Big American corporations such as Microsoft, DuPont, 3M and IBM have extensive facilities, research-and-development and investments on the island. Advanced glass manufacturer Corning has invested billions to build two of its largest plants in the world on Taiwan.

A land in transition 

A trade war between the world's top two economies would "hurt Taiwan since so much of the Taiwan's tech-oriented consumer industries are tied to those in China, as part of the global value chain," said Steve Tsang, director of the SOAS China Institute, University of London.

Taiwan can little afford such a blow, as its economy is in the midst of a difficult transition. Growth rates have been sluggish, hovering around 1 percent per year, while exports have fallen, dropping 13 percent from their $320 billion peak in 2014.

More from Global Investing Hot Spots:
North Korea's nuclear ambitions are Trump's first major test
Searching for returns in Southeast Asian stock markets
A huge global oil investor is undergoing drastic changes

Taipei was hoping for a boost from the Trans-Pacific Partnership, a trade pact among 12 Asia-Pacific countries representing 40 percent of the global economy that was spearheaded by the Obama administration. But Trump, following through on campaign promises that called it a bad deal for America, killed the TPP on his first day in office.

Meanwhile Taipei faces a backlash from China in many areas, as Beijing tries to pressure the democratically-elected Taiwanese President Tsai Ing-wen to bend to its will.

A modern metropolis: Taipei, Taiwan.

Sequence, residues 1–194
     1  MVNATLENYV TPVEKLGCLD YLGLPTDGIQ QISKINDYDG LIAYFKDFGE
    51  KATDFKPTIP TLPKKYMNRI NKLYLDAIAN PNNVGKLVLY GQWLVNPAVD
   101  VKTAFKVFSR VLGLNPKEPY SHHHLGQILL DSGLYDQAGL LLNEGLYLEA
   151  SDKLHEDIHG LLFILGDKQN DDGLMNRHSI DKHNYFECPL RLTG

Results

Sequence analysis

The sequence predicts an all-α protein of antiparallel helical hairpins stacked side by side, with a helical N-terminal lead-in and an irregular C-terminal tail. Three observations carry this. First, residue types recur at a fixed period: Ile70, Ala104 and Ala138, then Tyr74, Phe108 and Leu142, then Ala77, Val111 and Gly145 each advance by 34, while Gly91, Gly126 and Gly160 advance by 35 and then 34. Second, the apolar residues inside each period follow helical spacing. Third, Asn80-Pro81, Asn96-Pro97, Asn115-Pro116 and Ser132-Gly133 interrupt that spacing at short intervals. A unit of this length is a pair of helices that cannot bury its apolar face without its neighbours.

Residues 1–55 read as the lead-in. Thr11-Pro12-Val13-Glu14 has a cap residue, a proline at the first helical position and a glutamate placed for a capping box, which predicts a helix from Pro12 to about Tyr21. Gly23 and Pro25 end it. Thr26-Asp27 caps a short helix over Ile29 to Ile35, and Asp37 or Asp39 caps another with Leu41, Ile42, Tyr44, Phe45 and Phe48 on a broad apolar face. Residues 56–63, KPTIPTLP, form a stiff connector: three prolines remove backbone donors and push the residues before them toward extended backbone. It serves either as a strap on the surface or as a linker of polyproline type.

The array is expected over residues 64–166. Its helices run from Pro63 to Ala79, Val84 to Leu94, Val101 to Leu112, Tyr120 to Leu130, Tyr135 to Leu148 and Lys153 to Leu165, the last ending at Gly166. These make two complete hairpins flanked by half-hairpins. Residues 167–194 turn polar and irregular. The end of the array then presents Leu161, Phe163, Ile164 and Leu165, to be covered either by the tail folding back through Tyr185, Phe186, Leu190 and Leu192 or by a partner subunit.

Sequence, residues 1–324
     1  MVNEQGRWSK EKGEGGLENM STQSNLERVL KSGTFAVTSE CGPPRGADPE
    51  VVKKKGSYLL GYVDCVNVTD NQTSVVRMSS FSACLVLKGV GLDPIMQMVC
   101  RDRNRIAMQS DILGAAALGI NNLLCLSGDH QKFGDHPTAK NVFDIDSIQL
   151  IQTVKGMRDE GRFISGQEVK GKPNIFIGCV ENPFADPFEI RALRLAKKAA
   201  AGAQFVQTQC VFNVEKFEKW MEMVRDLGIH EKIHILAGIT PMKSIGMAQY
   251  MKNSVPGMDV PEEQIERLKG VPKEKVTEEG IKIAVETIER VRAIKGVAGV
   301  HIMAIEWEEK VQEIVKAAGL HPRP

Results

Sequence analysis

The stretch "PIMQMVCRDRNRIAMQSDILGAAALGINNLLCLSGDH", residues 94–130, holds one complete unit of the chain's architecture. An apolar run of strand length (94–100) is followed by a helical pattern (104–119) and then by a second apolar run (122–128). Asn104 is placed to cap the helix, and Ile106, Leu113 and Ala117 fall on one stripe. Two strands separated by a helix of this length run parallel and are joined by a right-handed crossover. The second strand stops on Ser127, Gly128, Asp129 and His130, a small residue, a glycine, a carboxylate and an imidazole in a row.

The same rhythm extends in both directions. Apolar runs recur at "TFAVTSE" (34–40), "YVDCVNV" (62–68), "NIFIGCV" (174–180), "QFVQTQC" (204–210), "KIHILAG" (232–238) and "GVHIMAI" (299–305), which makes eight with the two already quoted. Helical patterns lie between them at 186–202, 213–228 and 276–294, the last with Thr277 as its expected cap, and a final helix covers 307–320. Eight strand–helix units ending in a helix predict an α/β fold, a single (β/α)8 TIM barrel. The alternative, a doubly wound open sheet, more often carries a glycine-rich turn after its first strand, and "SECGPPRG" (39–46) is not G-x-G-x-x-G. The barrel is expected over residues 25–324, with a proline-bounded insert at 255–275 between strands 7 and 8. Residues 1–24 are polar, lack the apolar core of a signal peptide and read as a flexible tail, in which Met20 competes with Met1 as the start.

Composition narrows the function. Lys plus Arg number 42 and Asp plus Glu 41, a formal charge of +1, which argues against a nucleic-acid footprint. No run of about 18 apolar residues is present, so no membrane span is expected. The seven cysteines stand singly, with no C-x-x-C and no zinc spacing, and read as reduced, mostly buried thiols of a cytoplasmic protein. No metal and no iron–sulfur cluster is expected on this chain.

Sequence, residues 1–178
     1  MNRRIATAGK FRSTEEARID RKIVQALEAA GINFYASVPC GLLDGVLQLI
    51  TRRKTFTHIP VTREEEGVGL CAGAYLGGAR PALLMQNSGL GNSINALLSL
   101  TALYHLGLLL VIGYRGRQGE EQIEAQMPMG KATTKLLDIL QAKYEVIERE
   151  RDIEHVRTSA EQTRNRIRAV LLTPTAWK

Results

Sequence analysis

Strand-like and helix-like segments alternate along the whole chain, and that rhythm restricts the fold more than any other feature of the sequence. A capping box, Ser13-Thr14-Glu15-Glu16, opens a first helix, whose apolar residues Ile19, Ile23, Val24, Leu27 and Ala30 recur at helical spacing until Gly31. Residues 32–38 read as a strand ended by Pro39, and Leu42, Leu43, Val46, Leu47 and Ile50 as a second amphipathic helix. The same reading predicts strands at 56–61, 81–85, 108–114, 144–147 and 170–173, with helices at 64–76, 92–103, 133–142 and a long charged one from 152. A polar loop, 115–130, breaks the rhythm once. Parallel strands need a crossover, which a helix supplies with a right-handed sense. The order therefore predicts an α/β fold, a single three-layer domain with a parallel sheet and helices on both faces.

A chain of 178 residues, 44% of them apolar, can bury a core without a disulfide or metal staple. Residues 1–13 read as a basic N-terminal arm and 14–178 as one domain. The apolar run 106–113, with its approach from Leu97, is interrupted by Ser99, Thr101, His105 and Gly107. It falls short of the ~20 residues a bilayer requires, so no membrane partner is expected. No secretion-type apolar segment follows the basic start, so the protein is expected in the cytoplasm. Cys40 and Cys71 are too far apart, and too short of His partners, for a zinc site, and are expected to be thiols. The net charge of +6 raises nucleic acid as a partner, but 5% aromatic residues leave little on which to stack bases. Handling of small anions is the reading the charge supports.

Daniel Aguilera | Getty Images
A modern metropolis: Taipei, Taiwan.

Since her election, authorities reduced mainland Chinese tourist flows to Taiwan, and encouraged Chinese clients to favor domestic semiconductor producers, taking market share from Taiwanese firms.

Worries of a backlash

Beijing has also tried to isolate Taiwan diplomatically, and if tensions spike China could pressure "other countries upon which Taiwan's export-heavy economy relies for its survival into dropping their ties with Taiwan," said J. Michael Cole, Taipei-based fellow with the China Policy Institute of the University of Nottingham.

To combat this, Tsai has tried to shift away from the mainland, cultivating ties with Southeast Asia, and pursuing an ambitious Asian Silicon Valley Development plan aiming to make the island a hub for development of the Internet of Things — technologies that connect mobile devices to appliances, vehicles, and household objects such as lightbulbs and thermostats.

While the danger of trade war looms, some hope that an apparent pro-Taiwan tilt within Trump's administration could help the island stay out of the crosshairs with China.

Thus far, "Taiwan is front and center" under Trump, "much more so than it was before in any incoming U.S. administration," said Gerrit van der Wees of George Mason University.
That means that while risks may be high, Taiwan will be "much less likely to fall off the table or be trampled when the bigger elephants fight."

—By Benjamin Carlson, special to CNBC.com